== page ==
‘The Picture of Everything Else #1’ Review: A Slow Burn into the Macabre

Writer: Dan Watters / Artist: Kishore Mohan / Vault Comics

Dorian Gray is one of those iconic characters of Gothic literature, where even if you have never read the story, you are probably undoubtedly familiar with the mystique of the man and his famous portrait. And his name is invoked, you know that the story will inevitably deal with morality and mortality and some dark magic and that is what The Picture of Everything Else promised and in fact delivered.

From the moment you open the first issue, you’re treated to Mohan’s wonderful rendition of Victorian era elegance: A beautiful portrait hanging in a manor and finely dressed aristocratic folks. The visuals of the books are stunning and as the story delves further and further into its more fantastical premise, Mohan’s artwork evolves to meet the darker and more macabre story beats. There is excellent use of muted color palettes, lots of cool tricks with the lighting of different set pieces, and emotive characters that are given further personality with Bidikar’s lettering.

The story itself feels a little bit on the slower side. Watters spends the first half of the issue in a much more grounded tone, using the time to establish the relationship between the principle characters, Alphonse and Marcel, before even hinting at the core myth at the heart of the story. And it’s an interesting relationship between the two characters. There’s lots of good banter back and forth, a lot of tension that does set the stage for future conflicts, but the most interesting part of the story comes with the murderous painter on the cover and the invocation of Dorian Gray. And once we start getting glimpses into that world, I think that’s where the story really begins to pick up and really begins to draw me in.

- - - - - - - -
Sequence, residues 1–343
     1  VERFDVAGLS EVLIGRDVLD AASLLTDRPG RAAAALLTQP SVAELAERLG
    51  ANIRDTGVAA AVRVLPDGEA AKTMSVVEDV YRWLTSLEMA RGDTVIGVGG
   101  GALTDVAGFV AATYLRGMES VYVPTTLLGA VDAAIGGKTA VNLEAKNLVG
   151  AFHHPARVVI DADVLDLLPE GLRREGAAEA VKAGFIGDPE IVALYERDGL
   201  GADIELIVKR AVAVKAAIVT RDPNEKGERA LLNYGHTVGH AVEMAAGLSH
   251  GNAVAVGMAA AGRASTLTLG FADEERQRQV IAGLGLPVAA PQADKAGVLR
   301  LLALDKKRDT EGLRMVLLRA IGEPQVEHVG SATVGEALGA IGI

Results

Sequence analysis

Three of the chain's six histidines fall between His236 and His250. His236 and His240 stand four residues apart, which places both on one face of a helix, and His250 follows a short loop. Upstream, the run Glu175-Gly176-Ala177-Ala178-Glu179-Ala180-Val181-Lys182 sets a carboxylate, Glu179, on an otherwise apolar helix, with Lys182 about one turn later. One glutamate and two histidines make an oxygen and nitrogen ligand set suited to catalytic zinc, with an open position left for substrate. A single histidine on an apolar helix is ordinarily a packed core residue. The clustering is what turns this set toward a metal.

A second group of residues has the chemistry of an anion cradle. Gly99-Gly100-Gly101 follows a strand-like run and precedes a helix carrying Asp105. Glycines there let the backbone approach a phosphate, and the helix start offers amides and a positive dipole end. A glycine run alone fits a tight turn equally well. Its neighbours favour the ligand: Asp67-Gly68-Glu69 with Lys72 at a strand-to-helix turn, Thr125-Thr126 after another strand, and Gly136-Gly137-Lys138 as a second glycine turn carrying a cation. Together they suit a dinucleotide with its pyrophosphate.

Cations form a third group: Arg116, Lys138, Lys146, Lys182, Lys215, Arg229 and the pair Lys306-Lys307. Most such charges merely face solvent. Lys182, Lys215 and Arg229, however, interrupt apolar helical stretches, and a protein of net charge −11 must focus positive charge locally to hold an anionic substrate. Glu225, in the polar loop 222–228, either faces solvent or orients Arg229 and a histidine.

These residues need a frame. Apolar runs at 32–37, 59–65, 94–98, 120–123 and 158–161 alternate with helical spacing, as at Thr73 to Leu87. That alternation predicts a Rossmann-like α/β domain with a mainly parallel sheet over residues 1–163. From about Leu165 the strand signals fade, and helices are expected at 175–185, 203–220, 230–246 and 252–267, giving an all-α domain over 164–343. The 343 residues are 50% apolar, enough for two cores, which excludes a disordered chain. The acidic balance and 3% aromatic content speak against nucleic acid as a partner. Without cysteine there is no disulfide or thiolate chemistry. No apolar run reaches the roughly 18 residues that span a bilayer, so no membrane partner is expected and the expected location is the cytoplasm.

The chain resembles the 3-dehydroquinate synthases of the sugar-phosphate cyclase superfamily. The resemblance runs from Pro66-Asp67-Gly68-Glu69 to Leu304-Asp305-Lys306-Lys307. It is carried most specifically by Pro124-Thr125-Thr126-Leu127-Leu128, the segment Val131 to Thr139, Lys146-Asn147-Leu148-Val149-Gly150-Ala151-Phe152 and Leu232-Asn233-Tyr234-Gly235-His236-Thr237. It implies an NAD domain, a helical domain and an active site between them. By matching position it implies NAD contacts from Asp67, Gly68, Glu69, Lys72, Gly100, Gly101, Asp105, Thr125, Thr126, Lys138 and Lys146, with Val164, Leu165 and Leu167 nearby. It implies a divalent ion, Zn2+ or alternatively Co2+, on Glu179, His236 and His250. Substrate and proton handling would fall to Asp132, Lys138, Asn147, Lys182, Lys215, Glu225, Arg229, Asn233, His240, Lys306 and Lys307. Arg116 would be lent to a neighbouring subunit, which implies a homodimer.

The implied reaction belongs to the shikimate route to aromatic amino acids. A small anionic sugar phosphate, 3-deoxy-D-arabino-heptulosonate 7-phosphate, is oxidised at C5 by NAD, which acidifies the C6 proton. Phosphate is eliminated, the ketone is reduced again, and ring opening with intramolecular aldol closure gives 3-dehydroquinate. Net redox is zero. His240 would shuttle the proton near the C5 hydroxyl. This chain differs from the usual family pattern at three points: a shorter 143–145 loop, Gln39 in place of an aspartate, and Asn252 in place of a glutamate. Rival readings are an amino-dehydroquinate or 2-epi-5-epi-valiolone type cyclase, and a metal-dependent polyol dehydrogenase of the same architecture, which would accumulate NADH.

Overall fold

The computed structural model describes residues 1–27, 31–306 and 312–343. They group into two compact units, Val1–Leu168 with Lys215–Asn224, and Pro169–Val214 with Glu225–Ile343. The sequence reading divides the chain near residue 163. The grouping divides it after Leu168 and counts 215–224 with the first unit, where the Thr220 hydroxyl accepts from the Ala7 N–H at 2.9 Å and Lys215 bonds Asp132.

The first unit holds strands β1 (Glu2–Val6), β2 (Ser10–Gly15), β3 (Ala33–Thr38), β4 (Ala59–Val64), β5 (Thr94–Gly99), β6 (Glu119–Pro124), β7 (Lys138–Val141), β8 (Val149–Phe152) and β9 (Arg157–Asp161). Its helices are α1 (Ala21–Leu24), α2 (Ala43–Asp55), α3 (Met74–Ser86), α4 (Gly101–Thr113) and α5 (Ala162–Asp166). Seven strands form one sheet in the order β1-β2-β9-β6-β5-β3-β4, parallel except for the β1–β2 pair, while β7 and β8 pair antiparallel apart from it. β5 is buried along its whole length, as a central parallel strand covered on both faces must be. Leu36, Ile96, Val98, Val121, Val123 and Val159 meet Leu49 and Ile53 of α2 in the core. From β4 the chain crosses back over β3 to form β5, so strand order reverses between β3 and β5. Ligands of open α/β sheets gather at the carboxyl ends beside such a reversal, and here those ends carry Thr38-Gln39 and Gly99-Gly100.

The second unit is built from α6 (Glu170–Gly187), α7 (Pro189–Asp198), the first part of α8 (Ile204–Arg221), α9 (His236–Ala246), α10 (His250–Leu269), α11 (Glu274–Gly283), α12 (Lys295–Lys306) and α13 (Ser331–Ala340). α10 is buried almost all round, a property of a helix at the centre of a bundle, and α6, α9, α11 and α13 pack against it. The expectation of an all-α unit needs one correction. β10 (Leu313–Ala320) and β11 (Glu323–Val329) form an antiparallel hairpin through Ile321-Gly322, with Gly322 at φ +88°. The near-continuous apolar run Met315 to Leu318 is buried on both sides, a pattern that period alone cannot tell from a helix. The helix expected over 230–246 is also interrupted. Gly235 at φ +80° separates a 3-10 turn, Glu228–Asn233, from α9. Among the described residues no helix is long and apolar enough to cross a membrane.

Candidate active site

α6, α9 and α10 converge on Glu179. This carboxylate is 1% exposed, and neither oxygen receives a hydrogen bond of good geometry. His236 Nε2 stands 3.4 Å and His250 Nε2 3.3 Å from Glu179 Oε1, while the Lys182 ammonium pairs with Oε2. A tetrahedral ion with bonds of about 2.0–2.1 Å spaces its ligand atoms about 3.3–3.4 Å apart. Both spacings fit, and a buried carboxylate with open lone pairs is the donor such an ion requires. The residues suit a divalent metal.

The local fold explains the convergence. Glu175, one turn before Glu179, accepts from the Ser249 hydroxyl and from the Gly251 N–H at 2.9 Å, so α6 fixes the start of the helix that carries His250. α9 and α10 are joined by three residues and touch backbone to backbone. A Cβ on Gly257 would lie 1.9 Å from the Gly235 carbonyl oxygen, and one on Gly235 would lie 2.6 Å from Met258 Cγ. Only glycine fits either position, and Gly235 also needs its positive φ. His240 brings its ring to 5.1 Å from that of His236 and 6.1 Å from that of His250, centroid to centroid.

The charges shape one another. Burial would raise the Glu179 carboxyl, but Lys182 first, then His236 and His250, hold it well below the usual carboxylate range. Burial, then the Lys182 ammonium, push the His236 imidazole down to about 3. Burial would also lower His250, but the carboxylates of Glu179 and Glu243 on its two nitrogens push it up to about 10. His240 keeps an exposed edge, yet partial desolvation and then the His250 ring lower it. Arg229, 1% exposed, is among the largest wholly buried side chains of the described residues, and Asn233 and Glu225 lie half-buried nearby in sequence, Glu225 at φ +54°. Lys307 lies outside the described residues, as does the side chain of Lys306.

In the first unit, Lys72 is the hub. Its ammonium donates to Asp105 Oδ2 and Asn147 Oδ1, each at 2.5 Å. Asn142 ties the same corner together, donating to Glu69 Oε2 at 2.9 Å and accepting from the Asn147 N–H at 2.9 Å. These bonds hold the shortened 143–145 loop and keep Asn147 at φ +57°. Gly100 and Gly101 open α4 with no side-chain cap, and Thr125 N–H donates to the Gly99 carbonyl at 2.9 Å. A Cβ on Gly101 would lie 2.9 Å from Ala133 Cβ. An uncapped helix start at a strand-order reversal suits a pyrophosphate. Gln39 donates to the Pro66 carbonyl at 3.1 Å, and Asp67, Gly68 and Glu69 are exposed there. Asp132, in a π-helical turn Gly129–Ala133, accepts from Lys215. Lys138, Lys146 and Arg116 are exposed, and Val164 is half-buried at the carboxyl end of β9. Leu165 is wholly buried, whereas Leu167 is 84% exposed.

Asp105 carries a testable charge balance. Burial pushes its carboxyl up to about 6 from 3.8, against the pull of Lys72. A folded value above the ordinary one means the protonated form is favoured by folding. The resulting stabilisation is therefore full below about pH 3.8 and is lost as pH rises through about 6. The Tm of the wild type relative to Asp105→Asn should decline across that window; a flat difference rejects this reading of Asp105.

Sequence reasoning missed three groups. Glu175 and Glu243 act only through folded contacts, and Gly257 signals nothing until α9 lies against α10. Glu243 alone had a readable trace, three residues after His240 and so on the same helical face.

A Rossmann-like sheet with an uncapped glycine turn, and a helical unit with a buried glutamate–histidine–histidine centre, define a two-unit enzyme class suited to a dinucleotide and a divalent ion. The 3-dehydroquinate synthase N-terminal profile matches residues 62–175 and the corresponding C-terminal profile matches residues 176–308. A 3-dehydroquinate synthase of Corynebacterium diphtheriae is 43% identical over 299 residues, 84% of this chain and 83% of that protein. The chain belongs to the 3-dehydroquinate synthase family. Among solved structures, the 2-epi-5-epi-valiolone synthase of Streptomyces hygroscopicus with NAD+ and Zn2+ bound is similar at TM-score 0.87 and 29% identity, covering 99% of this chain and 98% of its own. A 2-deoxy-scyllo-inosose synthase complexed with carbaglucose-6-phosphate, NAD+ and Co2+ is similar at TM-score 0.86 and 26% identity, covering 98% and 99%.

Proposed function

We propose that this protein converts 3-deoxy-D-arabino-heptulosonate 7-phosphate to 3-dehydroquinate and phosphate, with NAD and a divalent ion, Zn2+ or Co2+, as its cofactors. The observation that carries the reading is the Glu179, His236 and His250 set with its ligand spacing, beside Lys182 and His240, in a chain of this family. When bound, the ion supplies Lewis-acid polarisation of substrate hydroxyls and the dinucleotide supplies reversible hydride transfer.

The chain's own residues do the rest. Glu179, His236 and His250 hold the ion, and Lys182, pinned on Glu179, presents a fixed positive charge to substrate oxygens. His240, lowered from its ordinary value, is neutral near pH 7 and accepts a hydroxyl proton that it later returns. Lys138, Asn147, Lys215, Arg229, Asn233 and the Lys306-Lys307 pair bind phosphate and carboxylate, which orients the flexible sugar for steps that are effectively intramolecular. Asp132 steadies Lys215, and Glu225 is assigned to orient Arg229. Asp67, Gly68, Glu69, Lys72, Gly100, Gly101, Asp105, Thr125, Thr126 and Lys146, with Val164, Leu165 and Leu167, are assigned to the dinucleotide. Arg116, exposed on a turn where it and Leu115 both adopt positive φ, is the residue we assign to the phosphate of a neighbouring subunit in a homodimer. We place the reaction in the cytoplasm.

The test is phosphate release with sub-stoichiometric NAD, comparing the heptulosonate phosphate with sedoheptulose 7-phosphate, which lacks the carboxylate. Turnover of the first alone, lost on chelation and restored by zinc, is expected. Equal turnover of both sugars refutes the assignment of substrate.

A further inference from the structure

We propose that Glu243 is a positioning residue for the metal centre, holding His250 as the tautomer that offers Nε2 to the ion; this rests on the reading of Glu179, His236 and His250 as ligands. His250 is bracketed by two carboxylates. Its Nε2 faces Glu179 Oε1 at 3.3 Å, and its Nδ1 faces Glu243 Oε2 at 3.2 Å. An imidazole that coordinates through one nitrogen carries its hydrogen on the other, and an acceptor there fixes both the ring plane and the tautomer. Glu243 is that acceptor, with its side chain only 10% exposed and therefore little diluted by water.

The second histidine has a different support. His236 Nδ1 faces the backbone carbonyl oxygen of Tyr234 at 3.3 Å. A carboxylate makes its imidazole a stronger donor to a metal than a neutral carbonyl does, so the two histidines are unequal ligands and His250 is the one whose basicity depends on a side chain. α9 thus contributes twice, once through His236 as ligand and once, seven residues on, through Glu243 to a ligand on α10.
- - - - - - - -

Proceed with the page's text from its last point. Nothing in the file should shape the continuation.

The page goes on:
And that is the double edge sword (or rather paint brush) of serialized story telling. The pacing within a single issue may feel off kilter but may make more sense within the larger context of the story. And The Picture of Everything Else succeeds in making me wanting to read more of the world now that the focus seems to be anchored on the magical aspects of it.

If you’re a fan of old Gothic literature or even Death Note, I think The Picture of Everything Else is going to be right up your alley. There’s a lot of things to enjoy within the pages of the comic, even if it took a second to really grab me personally.

8.3 “Portraits” out of 10

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